Friday, April 2, 2010

Fracking not a cleaner alternative: Cornell prof

(Reuters) - Natural gas obtained by the controversial technique of hydraulic fracturing may contribute significantly to greenhouse gas emissions and so should not be considered as a cleaner alternative to coal or oil, according to a Cornell University researcher.

Although natural gas, when burned, produces only about half of the carbon dioxide emissions of coal, that calculation omits greenhouse gas emissions from the well-drilling, water-trucking, pipeline-laying, and forest-felling that are part of the production of hydraulically fractured natural gas, Ecology Professor Robert Howarth argues in a new paper.

Combining the effects of combustion, production, distribution, and leaked methane from hydraulically fractured natural gas gives the fuel about the same greenhouse gas emissions as coal and about 30 percent more than diesel or gasoline, Howarth says in the draft paper published in mid-March.

"A complete consideration of all emissions from using natural gas seems likely to make natural gas far less attractive than other fossil fuels in terms of the consequences for global warming," Howarth writes.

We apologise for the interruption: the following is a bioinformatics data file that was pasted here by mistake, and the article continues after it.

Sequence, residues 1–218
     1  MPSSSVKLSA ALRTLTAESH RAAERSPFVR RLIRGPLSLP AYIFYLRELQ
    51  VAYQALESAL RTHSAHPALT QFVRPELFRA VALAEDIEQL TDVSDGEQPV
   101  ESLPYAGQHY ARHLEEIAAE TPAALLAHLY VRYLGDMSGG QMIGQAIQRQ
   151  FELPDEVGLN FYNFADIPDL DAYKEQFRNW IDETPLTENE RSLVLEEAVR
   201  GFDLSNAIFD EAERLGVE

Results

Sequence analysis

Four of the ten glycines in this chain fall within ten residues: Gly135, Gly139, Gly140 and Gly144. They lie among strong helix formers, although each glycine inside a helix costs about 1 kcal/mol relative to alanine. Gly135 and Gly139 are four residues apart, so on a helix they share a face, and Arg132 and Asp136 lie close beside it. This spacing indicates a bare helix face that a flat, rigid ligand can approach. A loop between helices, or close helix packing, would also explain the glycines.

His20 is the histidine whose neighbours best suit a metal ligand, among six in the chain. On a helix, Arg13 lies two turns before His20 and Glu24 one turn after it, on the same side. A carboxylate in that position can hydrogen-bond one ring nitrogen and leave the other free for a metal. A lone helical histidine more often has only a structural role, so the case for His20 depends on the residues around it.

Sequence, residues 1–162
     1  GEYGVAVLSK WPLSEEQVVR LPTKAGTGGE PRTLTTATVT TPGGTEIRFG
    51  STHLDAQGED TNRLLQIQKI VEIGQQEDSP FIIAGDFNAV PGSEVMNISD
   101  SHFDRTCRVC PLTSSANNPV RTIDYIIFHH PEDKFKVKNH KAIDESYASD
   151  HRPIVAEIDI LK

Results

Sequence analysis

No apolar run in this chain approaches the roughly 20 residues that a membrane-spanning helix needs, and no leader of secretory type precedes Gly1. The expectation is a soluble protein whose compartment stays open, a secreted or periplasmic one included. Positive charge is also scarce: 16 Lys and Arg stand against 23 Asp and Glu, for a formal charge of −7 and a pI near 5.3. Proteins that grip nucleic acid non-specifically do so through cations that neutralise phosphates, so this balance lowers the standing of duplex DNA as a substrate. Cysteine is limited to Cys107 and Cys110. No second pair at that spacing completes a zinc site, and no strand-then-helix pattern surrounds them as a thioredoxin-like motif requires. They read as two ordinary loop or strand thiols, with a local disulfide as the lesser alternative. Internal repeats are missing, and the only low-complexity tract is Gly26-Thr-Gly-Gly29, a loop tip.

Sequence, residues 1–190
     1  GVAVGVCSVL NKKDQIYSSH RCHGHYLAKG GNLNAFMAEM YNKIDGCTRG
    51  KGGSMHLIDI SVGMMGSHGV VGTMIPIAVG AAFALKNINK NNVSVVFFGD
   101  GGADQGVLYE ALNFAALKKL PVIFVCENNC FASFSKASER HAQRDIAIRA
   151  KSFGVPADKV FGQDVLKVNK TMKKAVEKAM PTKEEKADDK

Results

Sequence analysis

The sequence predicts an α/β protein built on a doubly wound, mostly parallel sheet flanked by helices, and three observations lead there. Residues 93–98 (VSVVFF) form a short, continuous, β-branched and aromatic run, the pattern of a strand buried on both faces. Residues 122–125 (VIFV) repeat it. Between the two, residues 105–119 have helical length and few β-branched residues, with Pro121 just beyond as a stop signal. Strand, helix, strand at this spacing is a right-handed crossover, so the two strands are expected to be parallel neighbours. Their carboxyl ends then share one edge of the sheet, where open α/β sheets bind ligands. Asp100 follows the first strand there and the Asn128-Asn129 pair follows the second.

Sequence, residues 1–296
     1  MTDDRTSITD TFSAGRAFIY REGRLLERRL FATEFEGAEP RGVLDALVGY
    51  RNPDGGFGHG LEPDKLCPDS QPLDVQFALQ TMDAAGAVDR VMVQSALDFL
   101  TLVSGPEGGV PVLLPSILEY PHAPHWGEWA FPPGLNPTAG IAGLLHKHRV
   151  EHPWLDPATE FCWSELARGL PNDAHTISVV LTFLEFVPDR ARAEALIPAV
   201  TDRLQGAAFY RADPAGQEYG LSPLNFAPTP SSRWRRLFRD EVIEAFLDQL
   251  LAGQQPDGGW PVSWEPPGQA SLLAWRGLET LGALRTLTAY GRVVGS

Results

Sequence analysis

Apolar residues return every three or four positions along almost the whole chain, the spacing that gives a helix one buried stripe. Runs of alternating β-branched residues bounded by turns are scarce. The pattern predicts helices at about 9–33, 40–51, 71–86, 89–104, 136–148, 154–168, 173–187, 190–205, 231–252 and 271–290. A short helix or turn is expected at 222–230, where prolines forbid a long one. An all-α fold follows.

Energy companies are scrambling to develop vast reserves of natural gas from deep shale beds in many U.S. states including Texas, Louisiana, and Pennsylvania. Experts say shale gas could meet national demand for a century while helping to reduce carbon emissions and reducing petroleum imports.

"Government and industry should not be moving ahead on the basis of what is already misleading and incomplete information," Howarth told Reuters. He urged a moratorium on further development in the multibillion-dollar industry until more is known about its greenhouse gas emissions.

The damaging nature of gas from fracturing, or "fracking", undermines claims that it is a "transition" fuel between carbon-intensive sources like coal, and renewables such as solar and wind, Howarth said in the paper.

Citing preliminary data, Howarth estimates total greenhouse gas emissions from hydraulically fractured natural gas may be equivalent to 33 carbon grams of CO2, slightly more than 31.9 grams for coal, and well above the 20.3 grams for diesel or gasoline.

The data are partly based on methane leakage of 1.5 percent of natural gas consumed, a figure assumed by the federal government. More>>>